Many cobots come with a hand-guiding function, which allows the machine to learn positions and movements demonstrated by a human operator. This is part of an industry-wide move towards simpler, more accessible programing techniques, Gray continued: “In the past, robots have required a lot of specialist knowledge to program. We’re putting that process into the hands of the line technicians, with a plug-and-play type solution that can be set up in around 25 minutes.”
Recently Volkswagen has gone a step further, working with Dresden-based start-up Wandelbots to develop a sensor jacket that can capture movement. Equipped with actuators for haptic feedback, the jacket allows the robots to be taught the movements required for a particular task.
The factory of the future could diverge from the current production line philosophy. Predictions differ as to just how mobile these robots will be and how soon the industry may embrace this philosophy, but the basic concept appears to be widely accepted. Tobias Daniel, head of global sales and marketing at Comau Robotics says: “There will be a move away from fixed production lines behind fences to robots that can be flexibly applied around the factory.”
One idea is to break up the fixed line completely and replace it with robots mounted on autonomous guided vehicles (AGVs). This would allow each car’s route through the manufacturing process to be tailored to its unique build specification. As Zhang noted, “There are, potentially, advantages to moving away from that approach, but there are also challenges. Fixed conveyer lines are easier to control, with a takt time for the whole line. When you have a flexible flow there is the risk that it can be a little bit chaotic.”
Many believe the solution to managing production in this potentially hectic environment will be smart factories, capable of monitoring and controlling the workflow. These will depend on software as much as hardware, with multiple robots networked together to function as one.
“We’re seeing a very clear trend towards centralised control systems,” confirmed Daniel. “That allows the software to optimise the whole process from start to finish. For instance, if you have several robots working at the same time, what is the most efficient way for them to interact?”
Comau is one of the first robot manufacturers to get rid of its own onboard controllers entirely. Instead, the Italian company now is working with a number of ‘automation partners’ to overlay third-party control software. Everyone, though, seems to be thinking along these lines.
“In factories today we tend to have a lot of micro stoppages – lasting maybe 30 seconds to a minute. Over the course of a year these can add up to $5m to $10m in costs. By centralising the information you can analyse these stoppages and any other bottlenecks in the production flow,” observed Zhang. “If you have all the line conditions monitored – potentially remotely through the cloud – the system can make more intelligent decisions on how to handle those stoppages.”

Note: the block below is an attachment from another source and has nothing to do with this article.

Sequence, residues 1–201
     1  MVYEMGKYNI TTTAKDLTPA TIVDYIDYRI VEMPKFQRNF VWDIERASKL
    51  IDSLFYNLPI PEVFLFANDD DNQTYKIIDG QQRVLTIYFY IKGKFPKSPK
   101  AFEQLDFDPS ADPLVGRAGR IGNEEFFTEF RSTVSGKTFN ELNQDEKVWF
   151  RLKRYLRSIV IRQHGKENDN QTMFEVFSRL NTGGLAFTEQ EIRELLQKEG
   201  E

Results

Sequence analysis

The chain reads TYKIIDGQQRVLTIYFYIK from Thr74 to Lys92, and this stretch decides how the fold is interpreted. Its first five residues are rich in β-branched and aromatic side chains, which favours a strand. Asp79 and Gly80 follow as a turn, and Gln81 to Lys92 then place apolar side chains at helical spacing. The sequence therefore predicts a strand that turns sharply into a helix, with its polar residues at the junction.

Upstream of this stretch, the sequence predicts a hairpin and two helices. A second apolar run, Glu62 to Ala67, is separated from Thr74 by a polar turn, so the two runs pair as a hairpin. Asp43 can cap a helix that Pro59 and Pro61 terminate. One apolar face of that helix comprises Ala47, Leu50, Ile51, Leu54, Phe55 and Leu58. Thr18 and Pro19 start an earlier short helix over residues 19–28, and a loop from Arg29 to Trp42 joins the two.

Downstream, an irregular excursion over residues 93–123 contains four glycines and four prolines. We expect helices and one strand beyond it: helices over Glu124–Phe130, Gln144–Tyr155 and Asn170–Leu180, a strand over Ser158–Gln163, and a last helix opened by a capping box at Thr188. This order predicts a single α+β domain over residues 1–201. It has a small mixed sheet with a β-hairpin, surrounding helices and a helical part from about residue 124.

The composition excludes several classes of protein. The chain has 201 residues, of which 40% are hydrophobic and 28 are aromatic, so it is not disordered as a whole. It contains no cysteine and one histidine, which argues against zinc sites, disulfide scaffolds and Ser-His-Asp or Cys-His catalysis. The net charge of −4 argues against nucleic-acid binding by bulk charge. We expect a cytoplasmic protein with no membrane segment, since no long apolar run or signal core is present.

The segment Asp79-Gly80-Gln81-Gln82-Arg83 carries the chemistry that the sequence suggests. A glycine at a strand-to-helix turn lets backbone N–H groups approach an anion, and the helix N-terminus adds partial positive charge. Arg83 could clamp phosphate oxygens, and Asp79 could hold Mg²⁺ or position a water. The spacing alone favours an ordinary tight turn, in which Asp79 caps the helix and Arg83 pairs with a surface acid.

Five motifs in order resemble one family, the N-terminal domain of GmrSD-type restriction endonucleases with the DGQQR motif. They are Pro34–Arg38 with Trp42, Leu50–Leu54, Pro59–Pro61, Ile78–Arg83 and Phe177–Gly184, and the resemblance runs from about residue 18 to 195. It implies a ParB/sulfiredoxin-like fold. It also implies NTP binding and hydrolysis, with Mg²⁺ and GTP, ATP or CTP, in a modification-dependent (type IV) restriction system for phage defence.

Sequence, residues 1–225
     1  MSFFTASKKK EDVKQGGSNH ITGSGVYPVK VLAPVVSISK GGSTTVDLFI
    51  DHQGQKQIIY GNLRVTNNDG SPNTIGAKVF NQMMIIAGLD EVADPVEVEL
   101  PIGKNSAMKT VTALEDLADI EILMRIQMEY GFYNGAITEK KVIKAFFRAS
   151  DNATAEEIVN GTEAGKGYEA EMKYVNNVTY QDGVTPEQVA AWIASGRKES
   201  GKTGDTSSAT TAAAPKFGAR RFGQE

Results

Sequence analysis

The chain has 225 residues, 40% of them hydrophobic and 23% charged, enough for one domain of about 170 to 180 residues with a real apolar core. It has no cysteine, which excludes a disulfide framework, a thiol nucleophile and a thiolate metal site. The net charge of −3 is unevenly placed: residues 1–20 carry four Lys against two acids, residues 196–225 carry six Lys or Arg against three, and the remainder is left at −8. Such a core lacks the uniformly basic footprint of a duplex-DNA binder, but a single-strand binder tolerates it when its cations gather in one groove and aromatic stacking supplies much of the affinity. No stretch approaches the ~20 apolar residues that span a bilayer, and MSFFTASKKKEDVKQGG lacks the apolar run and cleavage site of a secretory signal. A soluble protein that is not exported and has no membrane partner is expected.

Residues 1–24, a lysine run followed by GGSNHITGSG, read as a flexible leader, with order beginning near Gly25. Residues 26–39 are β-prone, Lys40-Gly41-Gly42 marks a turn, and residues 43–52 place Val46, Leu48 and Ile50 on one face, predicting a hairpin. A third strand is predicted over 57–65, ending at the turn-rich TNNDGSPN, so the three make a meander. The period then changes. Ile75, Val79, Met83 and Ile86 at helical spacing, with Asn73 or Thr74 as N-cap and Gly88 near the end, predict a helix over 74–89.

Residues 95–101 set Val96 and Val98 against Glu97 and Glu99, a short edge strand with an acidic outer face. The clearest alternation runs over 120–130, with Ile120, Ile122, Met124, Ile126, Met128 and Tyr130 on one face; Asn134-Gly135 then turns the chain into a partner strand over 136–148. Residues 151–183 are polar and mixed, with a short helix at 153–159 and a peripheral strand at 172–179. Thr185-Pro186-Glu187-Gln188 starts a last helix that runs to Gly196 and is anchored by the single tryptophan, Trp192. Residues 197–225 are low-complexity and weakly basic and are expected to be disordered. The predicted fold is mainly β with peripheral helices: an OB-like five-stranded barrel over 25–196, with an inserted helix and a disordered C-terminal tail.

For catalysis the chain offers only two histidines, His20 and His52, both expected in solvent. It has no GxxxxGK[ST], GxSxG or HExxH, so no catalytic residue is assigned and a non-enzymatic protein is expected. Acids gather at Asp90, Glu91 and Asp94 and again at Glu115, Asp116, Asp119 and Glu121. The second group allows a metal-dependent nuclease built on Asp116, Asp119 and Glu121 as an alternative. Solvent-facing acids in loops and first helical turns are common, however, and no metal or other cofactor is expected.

Predictive maintenance is another major part of the smart factory concept, whether handled locally by the robot’s own controller or by a central computer. Primarily, this comes down to observing the warning signs that a tool or a part of the robot may be approaching failure. However, intelligent robots may also be able to optimise their own processes to delay that point.
“Robots no longer need feedback from a human operator to improve their processes,” Daniel added. “Once they’ve performed a task maybe 50 times, they can spot improvements and they can also communicate with other robots to work in an efficient, intelligent way. For example, the software can monitor each robot’s movements to see if there’s a different toolpath that would result in less energy consumption. Similarly, if the current operation places a lot of load on one or two motors, it can look for an alternative way to move that will balance the load more evenly.”
The human element
While there is a strong consensus on where both the hardware and software of robotics is heading, the issue of personnel is less clear cut. Most of the robot manufacturers argue that the total number of people in the workforce will be maintained as we move towards greater automation. Gray, for instance, thinks that many robots are now specifically designed to work alongside humans: “People think that you’re going to take a person out of a role and replace them with a robot, but in fact you’re giving them a better tool. It’s a question of taking away the dull, repetitive work that opens up the risk of occupational health issues like repetitive strain injury or carpal tunnel syndrome. Instead, you can divert people onto higher value tasks within the same process.”
In theory these ‘higher value tasks’ tend to be more stimulating, less physically damaging and better paid. Win-win, in other words. However, not everyone is convinced. A recent study by Boston University economist Pascual Restrepo concluded that each new industrial robot typically eliminates six manual jobs (although he, too, has pointed out that this could be a question of redistributing labour rather than eliminating it).
In the end it will still come down to striking a balance, Zhang said: “There is a move towards more robots and fewer people, but we don’t anticipate that the robots will ever be smart enough or agile enough to completely replace humans in the factory. It will be a question of focusing people and robots on what they each do best. We already see very few people in bodyshops, for instance, but in final assembly – with lots of wiring harnesses and flexible materials – you need human input. That’s somewhere we see humans and robots continuing to work together.”